Elephants, like many other wildlife species, are endangered. Whether due to habitat degradation or poaching, the population of these gorgeous beasts is declining from year to year. However, some people continue to go above and above to safeguard elephants from extinction. Projects like Kenya’s Sheldrick Wildlife Trust give us hope that it is not yet too late. The devoted people here have been protecting and caring for these lovely creatures for nearly half a century. These real-life heroes deserve a lot of credit for treating over 8,000 elephants and raising over 250 orphaned elephants.
These people devote a lot of love, affection, and devotion into their work. To get a better understanding of what they’re capable of in their pursuit of the animals they’re fond of, you should know that they’re even sleeping with the orphan elephant to make them feel at ease. Even though people consider them beasts, life is as tough as it can gets for an orphan animals. They, too, require someone to keep them warm, feed them, and snuggle with them, just like human newborns.
Unfortunately for these newborn elephants, their mothers had died as a result of ivory poaching, but they found so much love and devotion from the people who saved them – their caregivers. These persons, mostly men, look after the elephants as if they were their own children. However, because many of them are fathers, they are already accustomed with how to deal with a crying baby.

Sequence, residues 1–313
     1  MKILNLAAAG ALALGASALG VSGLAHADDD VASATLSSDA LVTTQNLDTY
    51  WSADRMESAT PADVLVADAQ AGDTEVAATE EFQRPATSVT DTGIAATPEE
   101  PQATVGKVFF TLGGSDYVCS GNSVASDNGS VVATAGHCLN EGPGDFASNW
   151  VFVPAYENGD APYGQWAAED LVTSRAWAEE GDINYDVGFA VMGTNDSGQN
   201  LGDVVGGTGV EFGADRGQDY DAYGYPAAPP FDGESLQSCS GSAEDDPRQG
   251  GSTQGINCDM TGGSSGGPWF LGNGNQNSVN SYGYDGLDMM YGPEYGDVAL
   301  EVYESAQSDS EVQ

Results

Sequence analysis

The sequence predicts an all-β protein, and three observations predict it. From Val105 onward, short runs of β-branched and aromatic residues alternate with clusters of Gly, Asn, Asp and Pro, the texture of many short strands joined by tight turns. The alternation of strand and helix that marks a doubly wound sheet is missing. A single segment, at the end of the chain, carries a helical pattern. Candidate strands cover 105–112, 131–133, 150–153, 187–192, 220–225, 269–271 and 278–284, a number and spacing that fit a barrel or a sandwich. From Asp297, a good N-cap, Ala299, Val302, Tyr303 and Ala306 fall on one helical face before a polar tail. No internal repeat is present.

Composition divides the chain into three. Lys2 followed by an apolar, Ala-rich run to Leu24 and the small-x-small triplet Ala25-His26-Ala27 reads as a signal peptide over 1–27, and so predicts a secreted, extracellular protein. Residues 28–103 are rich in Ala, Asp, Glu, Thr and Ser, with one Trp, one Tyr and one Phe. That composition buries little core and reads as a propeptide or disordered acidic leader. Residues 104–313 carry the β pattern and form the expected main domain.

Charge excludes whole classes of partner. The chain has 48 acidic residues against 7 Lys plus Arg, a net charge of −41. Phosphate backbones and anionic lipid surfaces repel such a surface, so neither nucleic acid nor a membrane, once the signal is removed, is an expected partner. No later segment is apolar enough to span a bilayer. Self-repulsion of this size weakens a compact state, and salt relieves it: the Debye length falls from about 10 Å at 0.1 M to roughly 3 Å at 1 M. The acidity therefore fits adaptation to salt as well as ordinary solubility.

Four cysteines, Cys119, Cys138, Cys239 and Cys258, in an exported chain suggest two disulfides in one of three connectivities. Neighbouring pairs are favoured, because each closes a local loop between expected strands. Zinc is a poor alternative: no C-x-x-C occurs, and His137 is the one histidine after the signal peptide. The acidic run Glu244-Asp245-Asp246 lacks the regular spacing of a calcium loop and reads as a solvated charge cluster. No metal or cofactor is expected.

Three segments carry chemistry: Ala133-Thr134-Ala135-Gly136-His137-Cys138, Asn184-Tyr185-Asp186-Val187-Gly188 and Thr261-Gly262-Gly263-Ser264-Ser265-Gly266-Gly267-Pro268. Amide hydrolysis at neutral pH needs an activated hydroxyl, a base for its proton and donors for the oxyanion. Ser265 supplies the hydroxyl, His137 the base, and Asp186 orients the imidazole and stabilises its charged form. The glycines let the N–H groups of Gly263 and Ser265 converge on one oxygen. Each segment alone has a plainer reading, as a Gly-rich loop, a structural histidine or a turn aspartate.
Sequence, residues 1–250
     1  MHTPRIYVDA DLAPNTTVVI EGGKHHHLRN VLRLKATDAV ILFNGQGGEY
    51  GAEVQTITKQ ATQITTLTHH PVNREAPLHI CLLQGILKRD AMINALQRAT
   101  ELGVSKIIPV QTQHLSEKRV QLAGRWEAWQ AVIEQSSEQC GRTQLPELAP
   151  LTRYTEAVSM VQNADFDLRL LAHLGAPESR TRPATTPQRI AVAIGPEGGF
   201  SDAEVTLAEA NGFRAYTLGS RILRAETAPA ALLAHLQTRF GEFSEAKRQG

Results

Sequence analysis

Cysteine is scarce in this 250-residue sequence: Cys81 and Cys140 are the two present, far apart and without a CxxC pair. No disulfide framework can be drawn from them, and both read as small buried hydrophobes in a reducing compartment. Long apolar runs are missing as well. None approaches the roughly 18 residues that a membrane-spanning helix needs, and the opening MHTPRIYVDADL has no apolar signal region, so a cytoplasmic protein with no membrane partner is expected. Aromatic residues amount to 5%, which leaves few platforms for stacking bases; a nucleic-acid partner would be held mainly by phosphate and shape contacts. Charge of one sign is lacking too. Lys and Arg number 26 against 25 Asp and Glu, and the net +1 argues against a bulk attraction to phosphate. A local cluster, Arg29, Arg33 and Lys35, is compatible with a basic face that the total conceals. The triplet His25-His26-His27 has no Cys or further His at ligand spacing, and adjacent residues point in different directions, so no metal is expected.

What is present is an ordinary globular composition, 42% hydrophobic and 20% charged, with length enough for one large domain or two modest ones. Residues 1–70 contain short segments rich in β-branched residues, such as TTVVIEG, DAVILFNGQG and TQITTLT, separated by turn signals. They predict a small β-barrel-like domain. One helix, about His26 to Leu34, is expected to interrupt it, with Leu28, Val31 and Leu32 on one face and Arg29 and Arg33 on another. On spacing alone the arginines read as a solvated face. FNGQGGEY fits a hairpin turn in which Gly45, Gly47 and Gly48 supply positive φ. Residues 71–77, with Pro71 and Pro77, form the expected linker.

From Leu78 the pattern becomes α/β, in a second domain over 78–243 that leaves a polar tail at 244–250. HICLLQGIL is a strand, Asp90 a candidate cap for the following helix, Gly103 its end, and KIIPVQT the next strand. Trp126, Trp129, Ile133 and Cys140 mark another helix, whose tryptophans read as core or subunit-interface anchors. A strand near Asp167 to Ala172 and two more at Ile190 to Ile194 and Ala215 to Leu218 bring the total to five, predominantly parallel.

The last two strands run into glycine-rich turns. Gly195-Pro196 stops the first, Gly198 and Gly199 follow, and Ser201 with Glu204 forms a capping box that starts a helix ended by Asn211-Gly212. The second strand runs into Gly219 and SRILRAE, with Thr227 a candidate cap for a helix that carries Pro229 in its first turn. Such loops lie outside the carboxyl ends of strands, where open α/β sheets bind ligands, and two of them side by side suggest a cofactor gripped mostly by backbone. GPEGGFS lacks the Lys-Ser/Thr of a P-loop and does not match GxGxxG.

“It feels the same to me as having my own babies in the same room,” one keeper, a father of two, told The Dodo. “It felt like they were babies again, waking up at all hours to feed and change them. They [infant elephants] also cry out in the middle of the night, especially the young ones. They, like human newborns, are restless and frequently wake up. They sometimes cry for milk, and you have to wake up for them, exactly like a mother with a newborn baby.” Baby elephants must be fed every three hours, including at night, in order to grow healthily. But it doesn’t appear to disturb their caregivers!
“It’s as if their minds are programmed to wake up every three hours,” another keeper observed. “Every three hours, you feel a trunk reach up and pull your blankets off!” But these lovely, innocent, and sensitive creatures are constantly accompanied by these nice people, especially at night, when they make certain they are all wrapped in blankets. “It makes the babies feel very secure,” remarked a keeper. “You are like a mother to them, and your presence allows them to sleep soundly. They can grow healthily if they can sleep pleasantly.”